The lawsuit, filed in U.S. District Court in Atlanta in August, makes its claims on behalf of several individuals, as well as the Georgia State Conference of the NAACP and the Georgia Association of Latino Elected Officials. It proposes re-drawing Gwinnett’s districts to create create two minority commission districts and add a second minority school board district.
Gwinnett is a majority-minority county, meaning non-white residents outnumber white ones. But neither the Board of Commissioners nor the school board have ever had a non-white member.
That fact has drawn extra scrutiny in recent months, as the aftermath of Gwinnett County Commissioner Tommy Hunter calling civil rights leader and U.S. Rep. John Lewis a "racist pig" continues to unfold. In a move unrelated to the pending lawsuit, state Rep. Pedro Marin, D-Duluth, has also filed bills that would re-draw Gwinnett's commission and school board districts.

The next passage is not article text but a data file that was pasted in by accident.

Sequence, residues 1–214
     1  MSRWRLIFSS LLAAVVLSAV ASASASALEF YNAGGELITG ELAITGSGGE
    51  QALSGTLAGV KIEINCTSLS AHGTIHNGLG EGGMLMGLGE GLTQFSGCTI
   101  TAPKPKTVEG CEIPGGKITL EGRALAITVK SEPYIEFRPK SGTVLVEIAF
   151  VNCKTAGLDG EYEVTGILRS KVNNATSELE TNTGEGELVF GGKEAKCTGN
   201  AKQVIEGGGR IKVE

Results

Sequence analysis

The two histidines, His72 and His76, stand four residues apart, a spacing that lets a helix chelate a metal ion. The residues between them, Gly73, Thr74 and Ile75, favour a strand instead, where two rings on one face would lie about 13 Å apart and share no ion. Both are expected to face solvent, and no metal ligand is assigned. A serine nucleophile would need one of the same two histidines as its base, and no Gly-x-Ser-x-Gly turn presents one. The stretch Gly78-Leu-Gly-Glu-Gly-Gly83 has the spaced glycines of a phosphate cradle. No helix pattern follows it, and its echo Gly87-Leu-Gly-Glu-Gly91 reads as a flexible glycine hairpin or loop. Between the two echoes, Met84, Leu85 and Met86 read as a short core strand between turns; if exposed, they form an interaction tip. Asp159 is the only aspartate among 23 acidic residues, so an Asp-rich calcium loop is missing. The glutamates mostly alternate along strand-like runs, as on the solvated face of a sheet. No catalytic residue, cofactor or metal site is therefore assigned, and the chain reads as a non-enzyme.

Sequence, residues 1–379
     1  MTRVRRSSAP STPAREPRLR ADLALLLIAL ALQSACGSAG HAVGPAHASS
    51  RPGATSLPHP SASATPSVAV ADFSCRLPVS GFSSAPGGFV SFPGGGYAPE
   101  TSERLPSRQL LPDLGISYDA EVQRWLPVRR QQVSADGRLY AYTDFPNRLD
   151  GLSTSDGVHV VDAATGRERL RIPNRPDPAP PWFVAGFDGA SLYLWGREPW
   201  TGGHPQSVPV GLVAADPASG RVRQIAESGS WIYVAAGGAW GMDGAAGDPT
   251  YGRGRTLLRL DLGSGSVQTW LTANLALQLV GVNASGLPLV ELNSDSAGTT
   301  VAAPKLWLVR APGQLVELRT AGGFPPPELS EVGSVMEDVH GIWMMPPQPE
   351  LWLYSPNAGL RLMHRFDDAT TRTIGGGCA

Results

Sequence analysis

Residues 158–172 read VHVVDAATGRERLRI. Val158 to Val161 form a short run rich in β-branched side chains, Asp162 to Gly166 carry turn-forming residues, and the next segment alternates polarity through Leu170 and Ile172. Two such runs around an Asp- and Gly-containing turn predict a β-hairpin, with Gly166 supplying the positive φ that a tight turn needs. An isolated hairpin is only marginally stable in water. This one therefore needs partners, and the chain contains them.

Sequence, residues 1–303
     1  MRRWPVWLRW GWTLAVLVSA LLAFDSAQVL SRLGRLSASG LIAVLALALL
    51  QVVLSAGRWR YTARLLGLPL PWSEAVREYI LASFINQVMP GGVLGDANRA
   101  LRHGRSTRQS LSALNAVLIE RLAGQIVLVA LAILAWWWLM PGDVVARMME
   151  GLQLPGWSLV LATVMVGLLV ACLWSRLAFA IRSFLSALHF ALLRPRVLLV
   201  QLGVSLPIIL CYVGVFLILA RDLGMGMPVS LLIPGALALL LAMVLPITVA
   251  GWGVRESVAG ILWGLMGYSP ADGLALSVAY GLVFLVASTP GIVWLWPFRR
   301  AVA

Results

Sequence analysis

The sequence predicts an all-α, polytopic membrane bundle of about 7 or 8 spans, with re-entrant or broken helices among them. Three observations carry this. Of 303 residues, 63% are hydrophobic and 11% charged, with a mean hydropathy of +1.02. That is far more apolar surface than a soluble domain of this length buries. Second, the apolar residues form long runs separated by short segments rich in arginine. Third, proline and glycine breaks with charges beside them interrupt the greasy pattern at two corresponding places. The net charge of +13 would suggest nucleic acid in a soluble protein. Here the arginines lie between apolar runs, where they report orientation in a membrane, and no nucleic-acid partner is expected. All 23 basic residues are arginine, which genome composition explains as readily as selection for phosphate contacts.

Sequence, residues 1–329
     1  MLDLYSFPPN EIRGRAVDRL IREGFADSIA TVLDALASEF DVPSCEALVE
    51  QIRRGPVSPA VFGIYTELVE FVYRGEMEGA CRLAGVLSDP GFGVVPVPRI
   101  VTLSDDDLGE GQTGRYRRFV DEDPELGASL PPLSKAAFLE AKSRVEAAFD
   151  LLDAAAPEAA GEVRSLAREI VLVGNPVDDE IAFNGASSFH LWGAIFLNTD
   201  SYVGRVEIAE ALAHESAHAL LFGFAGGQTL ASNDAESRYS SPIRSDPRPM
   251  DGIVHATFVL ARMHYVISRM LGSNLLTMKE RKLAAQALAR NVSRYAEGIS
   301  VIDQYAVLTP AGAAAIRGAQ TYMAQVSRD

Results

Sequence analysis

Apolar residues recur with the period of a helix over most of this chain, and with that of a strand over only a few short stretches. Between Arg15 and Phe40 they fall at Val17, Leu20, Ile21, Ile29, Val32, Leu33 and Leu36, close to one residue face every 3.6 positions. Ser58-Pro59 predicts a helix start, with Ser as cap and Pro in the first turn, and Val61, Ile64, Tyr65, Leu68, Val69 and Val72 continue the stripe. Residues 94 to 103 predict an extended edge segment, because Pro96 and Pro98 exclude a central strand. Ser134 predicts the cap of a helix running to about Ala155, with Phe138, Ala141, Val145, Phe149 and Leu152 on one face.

To be clear, Totenberg’s decision that a minority coalition may be used in the Gwinnett lawsuit is not a ruling on the merits of the case. Moving forward, the judge wrote, the plaintiffs must prove that their coalition has “political cohesiveness” — that Gwinnett’s black, Latino and Asian voters tend to vote the same way.
In her order, Totenberg pointed out that the plaintiffs “may face significant proof issues” in their attempts to show such a cohesiveness.
Gwinnett County has until May 26 to file a new response to the lawsuit. The county, which does not typically comment on pending litigation, declined to comment Monday.
In other news:
DeKalb now joins Fulton and Cobb counties in offering multiple early voting locations in the 6th District race.
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